Six weeks after Gov. Chris Christie put the kibosh on state funding for New Jersey’s needle-exchange programs, operators have found themselves scrambling to come up with enough cash to sustain the disease-prevention and anti-addiction efforts.
Program staff and supporters have been forced to seek emergency grants from foundations and accept donated clean needles and other supplies from exchanges operating in other states. At least one effort had to suspend operations temporarily and several have cut their hours. Earlier this month, several nonprofit organizations launched online campaigns to raise funds.
The Garden State initiated a pilot program a decade ago that permitted syringe access programs in a half-dozen communities that have had high numbers of intravenous drug users and above average rates of blood-borne diseases, like HIV, AIDS and hepatitis C. Atlantic City, Camden, Jersey City, Newark, and Paterson now have programs; Asbury Park is also an authorized site but has not implemented a program.
But no state funding was provided for these programs, which experts said can cost as much as $200,000 each a year. Sen. Joseph Vitale (D-Middlesex), a longtime supporter of needle exchange, championed a bill (S-1266) – now awaiting the governor’s signature – that would make these programs permanent. While the legislation does not include any funding, Vitale worked with Democratic leaders to include $95,000 in the fiscal year 2017 budget for these efforts, but Christie vetoed that line item when he signed the measure into law at the end of June.
“The state needs to be a partner in this, a major funder,” said Vitale, who has been working with stakeholders in search of new funding opportunities. “That doesn’t mean we should exclude other funders from assisting, but the state needs to step up,” he said, adding, “I encourage the governor to get involved.”
[related]Federal funding for syringe access has also been scarce. In 2010 Congress overturned a decades-long ban on using public dollars for these programs, fulfilling a campaign promise from President Barack Obama, but the move was reversed a year later. In late 2015 Congress amended that prohibition, allowing federal dollars to be spent on salaries and operational expenses but not needles themselves.
Needle-exchange programs allow IV drug users to exchange their used or “dirty works” for clean syringes. They also provide addicts with health screenings for diabetes or other conditions, offer immediate care for wounds or other urgent health needs, and connect addicts with social services and drug treatment programs, if and when they are ready.
Studies have shown the programs are successful in reducing the rates of blood-borne diseases, which are easily spread by shared needles, while not attracting more people to drug use – a common concern for critics. Nationwide, more than 200 programs now exist in three dozen states, according to advocates.
Roseanne Scotti, state director of the New Jersey Drug Policy Alliance, a supporter of the programs, said findings released by the administrations of Christie and former Gov. Jon S. Corzine have determined these programs are successful. “The programs are preventing HIV and hepatitis C and saving lives. They provide a bridge to drug treatment and other services — the only connection to help many people have,” Scotti said. “It is unconscionable that the state is not funding them and that they are in danger of closing.”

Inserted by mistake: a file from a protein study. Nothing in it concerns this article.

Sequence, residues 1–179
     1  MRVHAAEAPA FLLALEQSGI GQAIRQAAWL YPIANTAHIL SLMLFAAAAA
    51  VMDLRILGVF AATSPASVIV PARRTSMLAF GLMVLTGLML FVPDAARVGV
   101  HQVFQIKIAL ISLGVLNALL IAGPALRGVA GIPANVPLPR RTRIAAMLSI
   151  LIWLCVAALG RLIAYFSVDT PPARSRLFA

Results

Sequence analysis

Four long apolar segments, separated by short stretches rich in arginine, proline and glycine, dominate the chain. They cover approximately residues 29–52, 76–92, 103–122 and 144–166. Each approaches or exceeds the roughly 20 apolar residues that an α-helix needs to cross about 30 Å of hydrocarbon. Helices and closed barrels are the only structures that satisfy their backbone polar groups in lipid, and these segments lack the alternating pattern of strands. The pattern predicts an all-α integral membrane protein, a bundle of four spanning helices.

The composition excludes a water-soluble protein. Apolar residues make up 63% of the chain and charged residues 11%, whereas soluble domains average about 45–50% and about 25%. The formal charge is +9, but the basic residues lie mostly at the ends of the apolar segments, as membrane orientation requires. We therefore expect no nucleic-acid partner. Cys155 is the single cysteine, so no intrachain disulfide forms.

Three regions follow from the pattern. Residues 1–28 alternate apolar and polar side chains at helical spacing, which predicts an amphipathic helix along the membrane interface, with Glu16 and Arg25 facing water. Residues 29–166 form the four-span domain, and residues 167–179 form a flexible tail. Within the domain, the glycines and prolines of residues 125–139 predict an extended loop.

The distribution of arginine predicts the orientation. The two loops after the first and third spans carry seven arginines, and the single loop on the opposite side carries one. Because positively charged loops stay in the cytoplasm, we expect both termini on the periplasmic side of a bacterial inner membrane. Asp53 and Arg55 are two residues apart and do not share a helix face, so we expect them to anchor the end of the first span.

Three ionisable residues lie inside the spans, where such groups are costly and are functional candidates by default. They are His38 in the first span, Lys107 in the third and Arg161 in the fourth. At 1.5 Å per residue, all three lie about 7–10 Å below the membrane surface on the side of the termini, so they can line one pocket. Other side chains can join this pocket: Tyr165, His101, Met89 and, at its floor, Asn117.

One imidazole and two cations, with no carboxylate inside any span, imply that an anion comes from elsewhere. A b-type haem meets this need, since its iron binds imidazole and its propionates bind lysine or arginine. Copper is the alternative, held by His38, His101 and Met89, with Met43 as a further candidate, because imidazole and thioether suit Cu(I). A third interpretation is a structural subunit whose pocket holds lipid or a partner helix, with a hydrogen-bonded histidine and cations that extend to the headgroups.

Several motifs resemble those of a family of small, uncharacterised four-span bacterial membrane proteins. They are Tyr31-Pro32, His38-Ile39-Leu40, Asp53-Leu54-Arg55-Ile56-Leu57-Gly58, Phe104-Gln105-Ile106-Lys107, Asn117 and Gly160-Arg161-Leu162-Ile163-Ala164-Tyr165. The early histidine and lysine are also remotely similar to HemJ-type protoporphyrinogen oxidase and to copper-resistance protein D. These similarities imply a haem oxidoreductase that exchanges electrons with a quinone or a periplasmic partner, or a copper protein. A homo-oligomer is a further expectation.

Earlier this month, Georgett Watson of the South Jersey AIDS Alliance, which runs the Camden area program, launched a GoFundMe campaign to secure the $95,000 vetoed from the budget to help exchanges across the state. So far, $2,463 has been pledged.
“The Syringe Access Programs have been struggling for years on shoe-string budgets with no public funding to purchase syringes and other supplies. The little money they had for supplies is running out! One of the programs had to shut down syringe access services two months ago, turning clients in need away at their door. Another program will run out of supplies shortly. All of the programs and the people they serve are in desperate need of support!” the campaign states.
Watson’s petition is not the first such effort. In Paterson, the Well of Hope Community Development Corporation started a GoFundMe campaign in February that has so far raised a meager $723 toward a $100,000 goal online, but also prompted other contributions offline. The organization runs a host of social service programs, including a syringe access program that is now surviving primarily on small foundation grants and donated supplies.
Nicole Engel, with Well of Hope, said the goal was to raise awareness about the importance of the program, in addition to generating cash. “I understand some people aren’t comfortable with this (concept of needle exchange), I get it. But they don’t understand the concept of harm reduction,” she said.
By working with drug users over time and without imposing judgment, Engel said program staff gain their confidence and can help clients address chronic health concerns or cut down on their use of illegal substances, if not actually get clean. “People don’t wake up one day and say they’re going to be a heroin addict,” she said. “Wouldn’t you rather have them working toward abstinence than not at all?”